What would your favorite science-fiction movie be without the costumes? Most likely it would not be your favorite movie.
Fashion and costume choices set the stage for some of cinema’s most memorable moments. But what are movie sets made out of? Where was the cotton used to make the leading lady’s pants harvested? These questions can be explained by delving into the science of biodiversity.
Chase Mendenhall is a doctoral candidate in Ecology and Evolutionary Biology at Stanford University. He explores the trade-offs between the conservation of biodiversity and farming by closely monitoring bird and bat populations that inhabit farmland in Costa Rica.
He is also one of two speakers who will be attending the Science Café at 6:00 p.m. on Wednesday, October 17, 2012, at the Koshland Science Museum in Washington, DC.
The Exchange: We are all very excited about the upcoming Science Café on Wednesday night; could you give us a little preview of what you will be speaking about?
Chase Mendenhall: It’s a pretty broad topic that we’ll be tackling here, and it’s also one that we still don’t know a lot about. My main focus of research is to gain a better understanding of what biodiversity really is, what eco systems are, and also a general framework for how we can evaluate them moving forward. That’s sort of my main goal, to get people to understand what biodiversity truly is.
In a few words, how would you describe the concept of biodiversity?
The term biodiversity was coined by E.O. Wilson and it gives a broad definition of things that we should value in nature. What we have come to a consensus on is that biodiversity is nature. One of the main ways I explain biodiversity is by including humans in the definition and also to move beyond the species concept. So rather than looking at biodiversity specifically as species, we look at it as the interactions of different ecosystems. Biodiversity is a really big, heavy term to express all of the things that we don’t understand about nature.
How does biodiversity affect our daily lives?
If you actually look around you at all of the materials you use, all of the things you use on a daily basis, the things that bring you happiness, in one way or another, they come from a natural eco system. Something to keep in mind is that all of the products around us in one way or another come from the biosphere. It’s hugely important, from what we eat, to the materials we use to build our homes, the fibers in our clothing, and the synthetic materials we derive them from, you can usually trace their origins back to somewhere in the biosphere.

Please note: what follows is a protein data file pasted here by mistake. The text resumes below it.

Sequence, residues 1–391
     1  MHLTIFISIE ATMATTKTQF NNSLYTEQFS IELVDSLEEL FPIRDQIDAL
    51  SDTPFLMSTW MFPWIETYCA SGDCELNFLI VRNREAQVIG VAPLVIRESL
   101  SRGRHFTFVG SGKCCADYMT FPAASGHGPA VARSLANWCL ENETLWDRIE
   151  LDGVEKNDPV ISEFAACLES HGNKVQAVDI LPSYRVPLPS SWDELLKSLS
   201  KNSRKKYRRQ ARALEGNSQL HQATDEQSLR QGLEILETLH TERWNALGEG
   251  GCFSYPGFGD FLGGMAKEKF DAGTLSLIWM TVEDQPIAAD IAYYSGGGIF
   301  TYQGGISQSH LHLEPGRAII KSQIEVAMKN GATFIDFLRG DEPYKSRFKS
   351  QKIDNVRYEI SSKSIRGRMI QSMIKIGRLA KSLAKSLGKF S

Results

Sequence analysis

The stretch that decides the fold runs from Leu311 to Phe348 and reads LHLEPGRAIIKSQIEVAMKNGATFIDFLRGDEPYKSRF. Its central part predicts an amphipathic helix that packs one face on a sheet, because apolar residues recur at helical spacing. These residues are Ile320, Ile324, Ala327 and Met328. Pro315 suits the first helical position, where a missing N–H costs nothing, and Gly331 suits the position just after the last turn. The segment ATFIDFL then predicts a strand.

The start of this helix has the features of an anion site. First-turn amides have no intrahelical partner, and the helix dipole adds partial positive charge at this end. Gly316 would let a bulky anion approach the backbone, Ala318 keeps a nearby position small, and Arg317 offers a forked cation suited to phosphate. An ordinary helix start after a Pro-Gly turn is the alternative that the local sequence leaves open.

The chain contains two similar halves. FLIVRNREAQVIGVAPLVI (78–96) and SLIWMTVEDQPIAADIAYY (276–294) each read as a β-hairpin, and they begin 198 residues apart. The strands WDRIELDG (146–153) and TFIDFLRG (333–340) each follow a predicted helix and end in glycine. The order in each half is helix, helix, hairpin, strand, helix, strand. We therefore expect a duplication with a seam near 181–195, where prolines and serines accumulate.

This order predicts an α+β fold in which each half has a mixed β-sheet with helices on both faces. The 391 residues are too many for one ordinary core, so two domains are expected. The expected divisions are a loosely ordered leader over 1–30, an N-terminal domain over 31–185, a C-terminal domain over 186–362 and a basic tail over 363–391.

Fashion, and the fibers used to make clothing, play a huge role in the movies and Hollywood, does biodiversity play a role in that industry?
The fashion industry drives our interest, and conversely conservation goals, for charismatic birds for their feathers, and mammals for their pelts. The cotton industry and many other fiber crops depend on wildlife for their success. For example, the cotton industry has recently been made aware of the vital importance bats play in keeping cotton’s major pest at bay; cotton bullworm moths. In fact, recent studies have shown that the Mexican free-tailed bats save U.S. farmers more a billion in U.S. dollars annually by acting as “nature’s pesticide” and keep the fashion industry supplied with natural cotton.
[Learn more about the intersection of fashion and biodiversity, here]
The textile industry seems to be very reliant on functioning ecosystems, what can the fashion and textile industries do to make sure these delicates systems are protected?
The fashion industry is a great model for environmentalists to use because of its ability to communicate and change behavior using positive and aesthetic incentives, rather than inciting apocalyptic incentives to effect change. I think the fashion industry and many of the arts draw huge amounts of inspiration from nature as well as provide raw materials, dyes, and cultural importance for many aesthetics popular in the global fashion industry.
[See what the United Nations is doing to promote fashion and biodiversity, here]
Anything else you would like to add? |
I think one of the most important things that I want to bring home tomorrow night is the understanding that an ecosystem and biodiversity isn’t necessarily just Yosemite National Park or the Great Barrier Reef, one of these iconic natural landscapes. The vast majority of ecosystems are the ones that contain humans, cityscapes and seascapes; places where humans are an integral part of nature. I want people to take away the idea that biodiversity and ecosystems are not some mythical and far-removed artifact of a past life, but they are something we live with on a day-to-day basis.
For more information, or to purchase tickets for the Science Café, please visit the Koshland Science Museum website.